The writing is on the glacier wall for the Arctic. “Polar issues” are here to stay, and the region’s growing geopolitical significance presents both opportunities and threats. It is imperative the United States continues to invest in Arctic capabilities—and the focal point of this investment should be a U.S. Arctic Command (ArcticCom). A new combatant command (CoCom) will ensure a coherent national strategy and unity of effort in meeting emerging challenges above the Arctic Circle. The Coast Guard is the military service best suited to lead such a command, but it will require a new Coast Guard four-star admiral billet to serve as ArcticCom’s commander.
What’s at Stake
The value of access to the Arctic has been well documented. The Northern Sea Route is beginning to change international shipping and tourism. The region may be awash with hydrocarbon reserves—as much as 90 billion barrels of oil, 1,669 trillion cubic feet of natural gas, and 44 billion barrels of natural gas liquids.1 Minerals, too, exist in plenty—manganese, copper, nickel, cobalt, diamonds, gold, and others—not to mention untapped fishing resources.
1. ADM David Gove, USN, “Arctic Melt: Reopening a Naval Frontier,” U.S. Naval Institute Proceedings 135, no. 2 (February 2009): 16–21.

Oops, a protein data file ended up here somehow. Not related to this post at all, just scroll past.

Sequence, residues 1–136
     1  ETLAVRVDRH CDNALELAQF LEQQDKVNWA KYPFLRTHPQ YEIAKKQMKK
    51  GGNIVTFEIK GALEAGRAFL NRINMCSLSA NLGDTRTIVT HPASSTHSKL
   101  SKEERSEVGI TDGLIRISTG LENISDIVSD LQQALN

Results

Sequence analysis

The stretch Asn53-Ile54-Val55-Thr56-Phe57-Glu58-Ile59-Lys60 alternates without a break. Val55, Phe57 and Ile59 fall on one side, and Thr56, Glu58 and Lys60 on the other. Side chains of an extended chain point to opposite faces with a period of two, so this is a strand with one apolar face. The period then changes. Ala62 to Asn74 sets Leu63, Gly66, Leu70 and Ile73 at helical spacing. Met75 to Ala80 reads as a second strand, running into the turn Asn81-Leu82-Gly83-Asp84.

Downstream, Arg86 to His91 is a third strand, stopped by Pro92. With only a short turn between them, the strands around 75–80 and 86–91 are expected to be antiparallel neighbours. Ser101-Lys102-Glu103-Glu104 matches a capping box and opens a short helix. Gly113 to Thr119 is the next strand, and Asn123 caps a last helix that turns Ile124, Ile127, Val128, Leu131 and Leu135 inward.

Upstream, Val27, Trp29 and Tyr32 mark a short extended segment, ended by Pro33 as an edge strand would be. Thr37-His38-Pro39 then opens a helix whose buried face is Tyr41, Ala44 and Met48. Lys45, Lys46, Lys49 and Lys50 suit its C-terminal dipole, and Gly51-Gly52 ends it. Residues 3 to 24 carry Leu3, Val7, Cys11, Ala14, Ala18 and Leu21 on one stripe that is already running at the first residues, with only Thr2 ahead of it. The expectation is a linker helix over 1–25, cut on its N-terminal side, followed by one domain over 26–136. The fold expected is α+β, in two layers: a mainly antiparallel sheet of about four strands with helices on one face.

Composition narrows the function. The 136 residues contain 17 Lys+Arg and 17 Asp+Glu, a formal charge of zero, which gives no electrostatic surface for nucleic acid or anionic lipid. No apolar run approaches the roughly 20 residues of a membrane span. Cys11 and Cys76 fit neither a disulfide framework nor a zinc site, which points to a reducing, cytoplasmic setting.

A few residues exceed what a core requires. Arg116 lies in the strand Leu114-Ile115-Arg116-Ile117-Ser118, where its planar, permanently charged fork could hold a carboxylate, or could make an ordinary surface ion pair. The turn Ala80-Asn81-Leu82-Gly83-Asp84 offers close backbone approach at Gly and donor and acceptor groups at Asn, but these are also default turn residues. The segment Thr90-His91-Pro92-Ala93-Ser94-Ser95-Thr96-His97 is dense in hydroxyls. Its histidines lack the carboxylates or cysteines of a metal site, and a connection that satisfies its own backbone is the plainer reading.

2. Joseph Trevithick, “Three Russian Ballistic Missile Submarines Just Surfaced through the Arctic Ice Together,” The War Zone, 26 March 2021.
3. Anne-Marie Brady, China as a Polar Great Power (Cambridge, UK: Cambridge University Press, 2017), 65.
4. Brady, China as a Polar Great Power, 3; Rebecca Hersman, Eric Brewer, and Maxwell Simon, “Deep Dive Debrief: Strategic Stability and Competition in the Arctic,” CSIS Briefs, 6 January 2021, 2.
5. Andrew Feickert, “The Unified Command Plan and Combatant Commands: Background and Issues for Congress,” Congressional Research Service, 3 January 2013.
6. Gen. Philip M. Breedlove, USAF, United States European Command Theater Strategy, Department of Defense, October 2015.
7. Kimberly Underwood, “New Leader Takes Over Space Command,” Signal, 21 August 2020.
8. The White House, National Security Presidential Directive and Homeland Security Presidential Directive: NSPD-66/HSPD-25, 9 January 2009.
9. Department of Homeland Security, Polar Icebreaking Recapitalization Project Mission Need Statement, 28 June 2013, 9.
10. Ronald O’Rourke, Coast Guard Polar Security Cutter (Polar Icebreaker) Program, Congressional Research Service, 14 January 2021, 7.
11. U.S. Congress, H.R.4188—Coast Guard Authorization Act of 2015, 8 February 2016.
12. Secretary of Defense James N. Mattis, “Press Conference by Secretary Mattis and Sen. Sullivan in Alaska,” 26 June 2018.